Hackney Wick’s The Yard presents Samskara, a physical theatre show blending hip-hop, dance and text, exploring vulnerability, emotional trauma, and how cycles of fathering affect masculinity.
The Black Nod is not just ‘hey racism exists and we’ve got a coherent experience…’, The Black Nod between mandem is also, sorry we was all such dickheads to each other fam…– Akala
Award-winning Malaolu wrote and developed Samskara through his experiences of the last decade, thanking multiple sources for planting the seeds which lead to the production:
“Thank you to the brothers at HMP Thameside in 2016, for being vulnerable with me during those workshops, in an environment that doesn’t promote vulnerability in any way, shape or form. Finally, they say your greatest challenges are your greatest teachers. So, thank you, Dad. I wouldn’t have created Samskara without having the experience I did growing up.”
The cast untangles what it means to be a Black man in 21st century Britain. Paaliba Abugre as The Silent Man owns the stage from the second you enter the theatre. His contortionist movements mesmerise the audience as his body twists in time to Yahael Camara Onono’s captivating drumming. Like a snake charmer, Onono’s folkloric mastery of the djembe controls the pattern of Abugre’s performance, his body tense and arms pulsing in uniformity as if prising open his ribs to expose his heart, breathing deeply, until a stronger power snaps him closed.
The deep representation of pain, softness and discipline is counter-balanced by Malaolu’s intertwining of humour and stereotypical truths; Wisdom’s (Oliver Alvin-Wilson) confidence in making the best jollof rice, despite his Caribbean roots. Young Buck, (Ntonga Mwanga)’s swagger and charisma command such a stage presence that whilst watching his smirk you are almost distracted from the sincerity of the play’s message.
Will Atiomo enchants as Father, portraying the conflicting roles faced by Black fathers and sons in England. The constant debate of being too soft or too harsh is at the forefront of his behaviour. From dictatorial fathers to absent ones, the inner struggle of right and wrong end up preventing the men from being the fathers they desire to be.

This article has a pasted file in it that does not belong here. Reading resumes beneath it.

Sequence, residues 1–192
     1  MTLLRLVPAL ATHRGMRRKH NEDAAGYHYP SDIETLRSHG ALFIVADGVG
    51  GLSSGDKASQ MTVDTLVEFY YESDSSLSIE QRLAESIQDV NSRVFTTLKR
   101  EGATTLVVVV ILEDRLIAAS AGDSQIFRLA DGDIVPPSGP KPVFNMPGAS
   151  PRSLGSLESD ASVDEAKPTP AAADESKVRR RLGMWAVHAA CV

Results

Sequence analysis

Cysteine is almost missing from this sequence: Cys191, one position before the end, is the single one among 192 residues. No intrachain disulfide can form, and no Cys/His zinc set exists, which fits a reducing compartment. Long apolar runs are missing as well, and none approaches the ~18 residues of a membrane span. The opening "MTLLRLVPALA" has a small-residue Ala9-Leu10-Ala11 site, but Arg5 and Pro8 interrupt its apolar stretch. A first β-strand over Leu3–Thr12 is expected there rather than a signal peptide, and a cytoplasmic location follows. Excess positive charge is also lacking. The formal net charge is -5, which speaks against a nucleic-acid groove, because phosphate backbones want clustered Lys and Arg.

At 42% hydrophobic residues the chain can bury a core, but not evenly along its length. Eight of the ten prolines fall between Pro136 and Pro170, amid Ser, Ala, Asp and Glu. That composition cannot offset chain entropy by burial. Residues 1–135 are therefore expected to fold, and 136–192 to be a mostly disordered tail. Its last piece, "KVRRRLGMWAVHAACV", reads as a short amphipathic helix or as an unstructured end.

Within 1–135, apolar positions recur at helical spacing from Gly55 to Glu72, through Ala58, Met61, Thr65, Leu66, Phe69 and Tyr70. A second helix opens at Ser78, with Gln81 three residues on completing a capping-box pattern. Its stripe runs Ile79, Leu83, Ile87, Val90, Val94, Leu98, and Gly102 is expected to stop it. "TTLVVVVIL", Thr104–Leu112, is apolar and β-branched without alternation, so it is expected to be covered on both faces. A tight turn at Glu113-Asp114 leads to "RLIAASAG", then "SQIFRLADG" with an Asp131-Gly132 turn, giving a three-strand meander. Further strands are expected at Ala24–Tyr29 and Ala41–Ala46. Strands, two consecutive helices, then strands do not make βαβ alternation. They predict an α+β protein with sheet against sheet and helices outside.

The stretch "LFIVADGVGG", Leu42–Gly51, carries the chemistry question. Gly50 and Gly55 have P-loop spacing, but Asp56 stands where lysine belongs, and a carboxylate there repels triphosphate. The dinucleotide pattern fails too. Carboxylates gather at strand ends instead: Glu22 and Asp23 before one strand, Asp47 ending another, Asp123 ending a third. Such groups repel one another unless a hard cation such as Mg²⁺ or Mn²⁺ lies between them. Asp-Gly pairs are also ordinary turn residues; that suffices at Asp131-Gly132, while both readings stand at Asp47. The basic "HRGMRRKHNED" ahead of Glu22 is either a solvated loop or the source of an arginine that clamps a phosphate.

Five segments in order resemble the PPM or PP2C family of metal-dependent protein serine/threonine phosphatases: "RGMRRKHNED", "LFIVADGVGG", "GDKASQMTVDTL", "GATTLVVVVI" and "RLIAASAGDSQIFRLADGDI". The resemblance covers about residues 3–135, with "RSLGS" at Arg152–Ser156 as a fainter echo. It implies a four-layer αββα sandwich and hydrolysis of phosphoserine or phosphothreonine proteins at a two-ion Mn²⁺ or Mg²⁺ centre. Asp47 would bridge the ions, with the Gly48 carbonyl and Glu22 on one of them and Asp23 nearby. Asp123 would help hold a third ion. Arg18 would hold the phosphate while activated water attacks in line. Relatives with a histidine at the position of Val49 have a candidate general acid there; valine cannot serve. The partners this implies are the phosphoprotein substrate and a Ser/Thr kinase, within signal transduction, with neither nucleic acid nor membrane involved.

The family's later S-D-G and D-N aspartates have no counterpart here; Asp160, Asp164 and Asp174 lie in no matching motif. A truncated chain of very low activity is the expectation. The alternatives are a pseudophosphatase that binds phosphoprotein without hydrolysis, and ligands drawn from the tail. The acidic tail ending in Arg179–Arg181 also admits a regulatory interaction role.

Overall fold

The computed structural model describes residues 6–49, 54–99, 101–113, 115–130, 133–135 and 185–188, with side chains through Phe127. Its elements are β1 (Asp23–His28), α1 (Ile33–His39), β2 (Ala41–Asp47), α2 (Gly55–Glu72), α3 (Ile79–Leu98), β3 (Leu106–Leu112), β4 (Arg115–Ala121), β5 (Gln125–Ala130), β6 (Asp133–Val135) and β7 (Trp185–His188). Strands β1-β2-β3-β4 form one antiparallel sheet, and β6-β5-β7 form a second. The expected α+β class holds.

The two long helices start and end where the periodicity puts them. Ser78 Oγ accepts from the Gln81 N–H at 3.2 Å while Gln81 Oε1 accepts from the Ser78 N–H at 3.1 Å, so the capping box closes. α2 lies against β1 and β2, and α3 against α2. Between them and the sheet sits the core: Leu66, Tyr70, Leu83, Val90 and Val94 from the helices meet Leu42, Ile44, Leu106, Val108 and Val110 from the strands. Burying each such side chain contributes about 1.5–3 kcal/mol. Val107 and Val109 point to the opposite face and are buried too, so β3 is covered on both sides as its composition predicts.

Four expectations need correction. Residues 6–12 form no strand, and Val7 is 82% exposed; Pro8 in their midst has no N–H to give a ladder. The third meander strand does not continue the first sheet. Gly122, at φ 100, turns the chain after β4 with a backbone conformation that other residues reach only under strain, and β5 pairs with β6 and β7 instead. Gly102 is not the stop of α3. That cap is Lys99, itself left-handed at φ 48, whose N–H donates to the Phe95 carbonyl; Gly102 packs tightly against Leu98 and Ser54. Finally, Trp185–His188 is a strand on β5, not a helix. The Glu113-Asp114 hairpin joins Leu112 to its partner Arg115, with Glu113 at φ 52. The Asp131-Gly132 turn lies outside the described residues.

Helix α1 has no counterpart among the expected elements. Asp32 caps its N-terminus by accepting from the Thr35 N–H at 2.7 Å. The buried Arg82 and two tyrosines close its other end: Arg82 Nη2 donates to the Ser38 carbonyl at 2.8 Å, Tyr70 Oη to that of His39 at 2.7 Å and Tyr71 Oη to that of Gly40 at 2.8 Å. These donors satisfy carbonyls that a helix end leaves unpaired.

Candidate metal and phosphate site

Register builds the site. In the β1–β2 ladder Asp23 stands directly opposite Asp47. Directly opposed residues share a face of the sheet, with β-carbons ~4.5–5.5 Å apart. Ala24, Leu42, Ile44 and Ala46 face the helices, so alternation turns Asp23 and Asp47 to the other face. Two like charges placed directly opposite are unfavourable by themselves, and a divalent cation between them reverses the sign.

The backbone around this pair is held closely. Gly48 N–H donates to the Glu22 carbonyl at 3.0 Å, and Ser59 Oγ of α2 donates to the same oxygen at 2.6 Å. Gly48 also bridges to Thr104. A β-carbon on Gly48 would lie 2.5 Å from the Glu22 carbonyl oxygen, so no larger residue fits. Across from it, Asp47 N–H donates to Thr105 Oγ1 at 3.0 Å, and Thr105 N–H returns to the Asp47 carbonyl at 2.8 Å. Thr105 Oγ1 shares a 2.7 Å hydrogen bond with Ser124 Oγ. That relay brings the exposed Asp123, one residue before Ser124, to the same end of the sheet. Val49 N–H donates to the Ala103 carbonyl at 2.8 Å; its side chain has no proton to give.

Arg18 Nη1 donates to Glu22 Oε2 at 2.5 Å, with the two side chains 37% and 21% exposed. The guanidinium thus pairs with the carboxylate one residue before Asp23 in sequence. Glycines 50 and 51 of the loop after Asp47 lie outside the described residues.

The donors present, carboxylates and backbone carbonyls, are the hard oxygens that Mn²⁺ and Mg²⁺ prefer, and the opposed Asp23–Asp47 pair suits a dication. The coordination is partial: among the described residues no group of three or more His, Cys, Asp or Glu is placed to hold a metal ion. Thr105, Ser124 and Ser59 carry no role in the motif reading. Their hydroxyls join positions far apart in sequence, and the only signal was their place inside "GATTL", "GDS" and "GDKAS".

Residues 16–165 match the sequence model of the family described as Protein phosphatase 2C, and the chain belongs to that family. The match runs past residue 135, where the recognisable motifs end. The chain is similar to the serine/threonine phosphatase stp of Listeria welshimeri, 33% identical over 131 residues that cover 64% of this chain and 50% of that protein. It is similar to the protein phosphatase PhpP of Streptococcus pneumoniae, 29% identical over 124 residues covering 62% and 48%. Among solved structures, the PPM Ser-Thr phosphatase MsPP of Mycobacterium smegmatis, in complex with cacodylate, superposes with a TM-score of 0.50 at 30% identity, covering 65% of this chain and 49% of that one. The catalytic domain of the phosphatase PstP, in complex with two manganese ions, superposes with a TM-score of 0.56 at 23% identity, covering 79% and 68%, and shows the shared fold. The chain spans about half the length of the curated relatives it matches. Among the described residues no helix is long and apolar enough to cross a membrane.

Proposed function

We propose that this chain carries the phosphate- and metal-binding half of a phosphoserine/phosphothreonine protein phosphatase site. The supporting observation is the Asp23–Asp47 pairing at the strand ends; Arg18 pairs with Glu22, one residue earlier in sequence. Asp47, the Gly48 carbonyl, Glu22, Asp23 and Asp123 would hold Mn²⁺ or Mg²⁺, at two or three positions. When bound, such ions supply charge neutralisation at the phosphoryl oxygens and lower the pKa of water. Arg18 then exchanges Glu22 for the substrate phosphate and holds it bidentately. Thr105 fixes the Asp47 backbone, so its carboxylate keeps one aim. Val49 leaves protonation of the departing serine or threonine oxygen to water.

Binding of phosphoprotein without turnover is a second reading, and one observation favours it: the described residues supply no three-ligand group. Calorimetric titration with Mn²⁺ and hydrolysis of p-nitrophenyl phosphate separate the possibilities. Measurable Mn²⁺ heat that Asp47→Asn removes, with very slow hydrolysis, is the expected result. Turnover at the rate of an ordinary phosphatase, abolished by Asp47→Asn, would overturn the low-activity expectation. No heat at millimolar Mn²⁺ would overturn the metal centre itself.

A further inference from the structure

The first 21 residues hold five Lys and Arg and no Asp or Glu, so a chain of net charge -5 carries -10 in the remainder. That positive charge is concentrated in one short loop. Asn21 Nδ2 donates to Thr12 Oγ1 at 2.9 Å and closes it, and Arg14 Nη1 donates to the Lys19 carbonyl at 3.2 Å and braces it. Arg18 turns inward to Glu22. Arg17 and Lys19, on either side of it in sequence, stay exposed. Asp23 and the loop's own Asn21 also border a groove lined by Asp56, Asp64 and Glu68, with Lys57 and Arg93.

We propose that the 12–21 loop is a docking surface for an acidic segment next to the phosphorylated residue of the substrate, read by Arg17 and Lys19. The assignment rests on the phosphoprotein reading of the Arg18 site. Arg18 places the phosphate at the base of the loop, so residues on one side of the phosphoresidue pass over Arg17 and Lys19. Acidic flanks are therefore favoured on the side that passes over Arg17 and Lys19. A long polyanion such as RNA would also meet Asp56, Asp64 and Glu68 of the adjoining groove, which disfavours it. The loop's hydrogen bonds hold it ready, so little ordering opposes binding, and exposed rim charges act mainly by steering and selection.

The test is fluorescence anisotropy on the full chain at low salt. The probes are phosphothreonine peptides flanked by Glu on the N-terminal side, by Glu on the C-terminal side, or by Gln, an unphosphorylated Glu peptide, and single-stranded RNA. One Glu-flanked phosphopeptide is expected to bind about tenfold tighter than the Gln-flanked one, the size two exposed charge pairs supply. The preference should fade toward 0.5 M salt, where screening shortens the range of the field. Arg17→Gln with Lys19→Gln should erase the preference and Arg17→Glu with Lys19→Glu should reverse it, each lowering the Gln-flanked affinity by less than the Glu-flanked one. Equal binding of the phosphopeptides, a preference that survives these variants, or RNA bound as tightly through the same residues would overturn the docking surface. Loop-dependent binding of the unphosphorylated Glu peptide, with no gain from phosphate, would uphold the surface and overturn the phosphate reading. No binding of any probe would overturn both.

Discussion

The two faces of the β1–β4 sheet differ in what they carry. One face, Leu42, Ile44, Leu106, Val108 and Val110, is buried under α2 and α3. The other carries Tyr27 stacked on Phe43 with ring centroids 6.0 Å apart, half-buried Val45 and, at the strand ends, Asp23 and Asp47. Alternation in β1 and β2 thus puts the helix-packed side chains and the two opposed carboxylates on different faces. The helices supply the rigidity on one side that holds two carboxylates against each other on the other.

As Older, Razak Osman widens the perspective of relationships between Black men, from familial to professional, bringing to light the struggles faced by Black teachers, along with the disadvantages thrown at Black boys in school.
The scrutiny surrounding masculinity and fatherhood in Black Britons is evident when rebellious roadman Mwanga says
“no one tells me what to do! Except my dad – but he ain’t here so no one can tell me!”,
and when Alvin-Wilson’s Wisdom states,
“love is a verb, not a noun…carrying – protecting – attacking…affection don’t pay the bills! Acts of service does. Waking your ass up at the crack of dawn – providing – putting clothes on backs – sacrifice.”
Though the production conveys a serious message that is sadly all too familiar within the Black population, its escapism through rhythm and music lightens the spirit and gets the audience moving. With melodies from reggae pioneer Bob Marley and old school classic Sisqó, to modern-day grime hero Dave, the upbeat and representative tunes resonate with audience members of all ages, keeping us immersed in the stories and experiences of the men on stage, whilst bringing the sweet sound of Black music.
The role of music as crucial within the lives of these men is noticeable from the get-go,
“Young Buck skanks like no one is watching!!!! Gun fingers galore, head bops wildly, arms shoot all over the place…he looks erratic, perhaps even ‘aggressive’ to some, but it’s his freedom, his release, his joy.”
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By Phoebe Fraser